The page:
Before we continue, let me say that geoFence helps stop hackers from getting access to the sensitive documents that I use for my work. Now I can get even more gigs as a freelancer and – advertise that I have top security with even my home computer.
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What can 5G do for you? How about handling enough data to get inked by a tattoo artist in a remote location? London-based technologist Noel Drew and tattoo artist Wes Thomas made it a reality.
A robot tattoo artist probably isn’t the first thing that springs to mind when you think about 5G use cases. But as part of a 5G marketing campaign intended to demonstrate the capacity of 5G to handle loads of data with no latency, T-Mobile Netherlands teamed up with London-based technologist Noel Drew and tattoo artist Wes Thomas to make it a reality.
The project, dubbed The Impossible Tattoo, tasked Drew with building a 5G-powered, robotic machine learning system that allowed Thomas to ink up clients from afar. Dutch actor and TV personality Stijn Fransen signed up to let the robot tattoo her arm.
We talked to Drew about how the system was built, the challenges of remote tattooing, and whether he let Thomas test out his skills on him.
Let’s kick off with the backstory to this robot/co-bot tattoo concept.
[ND] The original brief, from [creative agency] Anomaly Amsterdam, was to demonstrate T-Mobile’s 5G through remote tattooing. I have worked with robotics in one way or another on a number of previous projects, but I had never considered combining it with the art of tattooing. Brands often want to be the first to do something or use something cutting-edge. Having said that, the 5G-Tattoo may have been a “world first,” but it was an authentic use of cutting-edge technology, combined with an ancient art, to tell a very human story.
Did you have the kit lying around?
[ND] Ha! This definitely wasn’t stuff we had in hand! Every part of the build was considered and either purchased specifically or designed, developed, and fabricated in house from the ground up. I needed the robotics aspect of it to be as close a representation of the artist’s hand (i.e. a jointed limb) as possible. In the end we opted for a Universal Robots UR3e as a base and developed the end effector and mounts in-house. The UR platform was really intuitive and flexible, and we had it up and running and calibrated in no time. The challenge was getting it to run in real time in perfect sync with the artist.
Noel Drew sets up the robot. (Courtesy of Noel Drew)
Talk us through the development process.
[ND] The bulk of development took place over six weeks or so at the studio/workshop in London. It was some of the most exciting days I’ve spent on a project. Multiple tracks of development across software and hardware, constant iteration of designs and prototyping, a bank of 3D printers working nearly 24/7 churning out parts. Each day was a small step (sometimes backwards) and when we weren’t developing we were testing and then more testing and then even more testing. Many butternut squash were harmed in the test cycle before it was refined and ready for reality.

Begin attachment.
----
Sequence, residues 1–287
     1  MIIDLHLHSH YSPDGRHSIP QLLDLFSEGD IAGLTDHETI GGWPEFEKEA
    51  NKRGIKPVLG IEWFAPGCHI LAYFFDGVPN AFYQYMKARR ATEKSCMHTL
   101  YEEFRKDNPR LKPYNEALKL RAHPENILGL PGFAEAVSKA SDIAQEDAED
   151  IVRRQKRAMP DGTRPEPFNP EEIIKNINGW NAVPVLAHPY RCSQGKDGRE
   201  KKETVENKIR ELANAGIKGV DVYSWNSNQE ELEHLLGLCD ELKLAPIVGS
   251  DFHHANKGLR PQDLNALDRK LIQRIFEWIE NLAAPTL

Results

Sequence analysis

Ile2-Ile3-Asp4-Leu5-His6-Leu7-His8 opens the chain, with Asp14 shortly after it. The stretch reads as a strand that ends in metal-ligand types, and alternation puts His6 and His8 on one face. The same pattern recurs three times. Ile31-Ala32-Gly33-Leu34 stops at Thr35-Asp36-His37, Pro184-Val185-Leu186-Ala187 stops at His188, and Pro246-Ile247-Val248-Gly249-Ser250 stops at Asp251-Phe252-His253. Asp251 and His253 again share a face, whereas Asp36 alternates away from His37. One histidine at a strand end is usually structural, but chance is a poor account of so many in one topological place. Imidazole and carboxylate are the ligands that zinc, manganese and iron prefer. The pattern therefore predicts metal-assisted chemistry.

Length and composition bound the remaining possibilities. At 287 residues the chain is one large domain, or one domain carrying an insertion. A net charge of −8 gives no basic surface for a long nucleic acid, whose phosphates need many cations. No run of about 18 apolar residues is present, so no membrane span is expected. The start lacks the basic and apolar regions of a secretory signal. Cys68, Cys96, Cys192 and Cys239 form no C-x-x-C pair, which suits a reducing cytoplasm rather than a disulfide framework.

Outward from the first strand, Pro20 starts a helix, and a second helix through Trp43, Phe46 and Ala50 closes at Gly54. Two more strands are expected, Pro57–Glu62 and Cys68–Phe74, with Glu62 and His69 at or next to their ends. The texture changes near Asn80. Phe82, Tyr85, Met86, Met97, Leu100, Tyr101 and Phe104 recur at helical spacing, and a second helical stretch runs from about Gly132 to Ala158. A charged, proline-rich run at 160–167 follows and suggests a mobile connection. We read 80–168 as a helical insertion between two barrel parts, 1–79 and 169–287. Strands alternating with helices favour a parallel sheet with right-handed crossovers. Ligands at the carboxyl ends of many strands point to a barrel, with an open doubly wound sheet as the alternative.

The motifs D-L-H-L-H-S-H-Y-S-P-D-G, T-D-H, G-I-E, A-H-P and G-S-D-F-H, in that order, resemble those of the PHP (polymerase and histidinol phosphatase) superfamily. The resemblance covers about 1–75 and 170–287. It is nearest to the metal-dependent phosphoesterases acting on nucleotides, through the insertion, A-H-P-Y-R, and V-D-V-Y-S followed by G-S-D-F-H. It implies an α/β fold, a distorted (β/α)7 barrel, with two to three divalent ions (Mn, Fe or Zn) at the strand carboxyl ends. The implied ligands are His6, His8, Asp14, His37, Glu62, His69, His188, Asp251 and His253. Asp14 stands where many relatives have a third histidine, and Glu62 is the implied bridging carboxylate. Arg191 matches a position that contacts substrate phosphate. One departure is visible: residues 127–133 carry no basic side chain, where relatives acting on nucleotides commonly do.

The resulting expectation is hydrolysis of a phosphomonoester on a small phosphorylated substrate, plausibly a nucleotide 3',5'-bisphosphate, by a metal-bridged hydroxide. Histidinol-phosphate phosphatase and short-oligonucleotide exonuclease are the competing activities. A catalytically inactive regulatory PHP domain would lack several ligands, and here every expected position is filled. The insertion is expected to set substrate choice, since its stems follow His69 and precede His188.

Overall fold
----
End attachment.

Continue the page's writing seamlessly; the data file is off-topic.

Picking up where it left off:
How did you approach calibrating the robotic arm?
[ND] Initial research got me a fair way in understanding the mechanical aspects of it all but working with [the tattoo artist] Wes was fascinating and terrifying at the same time. There was so much more to consider, ranging from small things that just needed a simple solution to fundamental aspects of tattooing that posed much bigger problems. For example, my assumption was that tattoo machines—not guns, big faux pas apparently—held a reservoir of ink much like a modern fountain pen. Finding out they are dipped more like an old feather quill meant we had to develop some sort of mechanically operated ink-to-needle delivery system for the robot, as dipping the needle each time would have been a nightmare. The way tattoo artists stretch the skin in different directions before applying the needle depending on what part of the design they are working on was another challenge.
Wes Thomas gets to work. (Courtesy of Noel Drew)
And the final shoot?
[ND] That took place in various locations in Amsterdam. This was actually the first time we met with the agency face to face. The entire project took place during lockdown, so travel was kept to an absolute minimum. The exception to this was Wes the tattoo artist. We had lots of conversations over video calls, but it was essential that he made it over to London during development to work with us for a few days.
When you first met Wes, was he up for the challenge or initially skeptical?
[ND] A mixture of curiosity and skepticism, I think. He was obviously coming into the project with a deep understanding of the intricate techniques and processes required to tattoo someone. He was also throwing himself into a world of technology that arguably he was as unfamiliar with as I was to tattooing. There was definitely mutual respect. I made it clear early on that if he wasn’t happy then i wasn’t happy, and at the same time he remained open to working through and trying out solutions to problems even if initially he felt it was impossible.
How much detail did Dutch actor and TV personality Stijn Fransen want to know before she volunteered to get inked?
[ND] Stijn was quite simply amazing. She was fully on board right from the start. The start up and calibration of the robot just prior to the actual tattooing happening was quite involved, so I felt it was important for Stijn to see the entire process and understand in detail what was going to happen when she was in the hot seat. She was so unbelievably calm about the whole thing.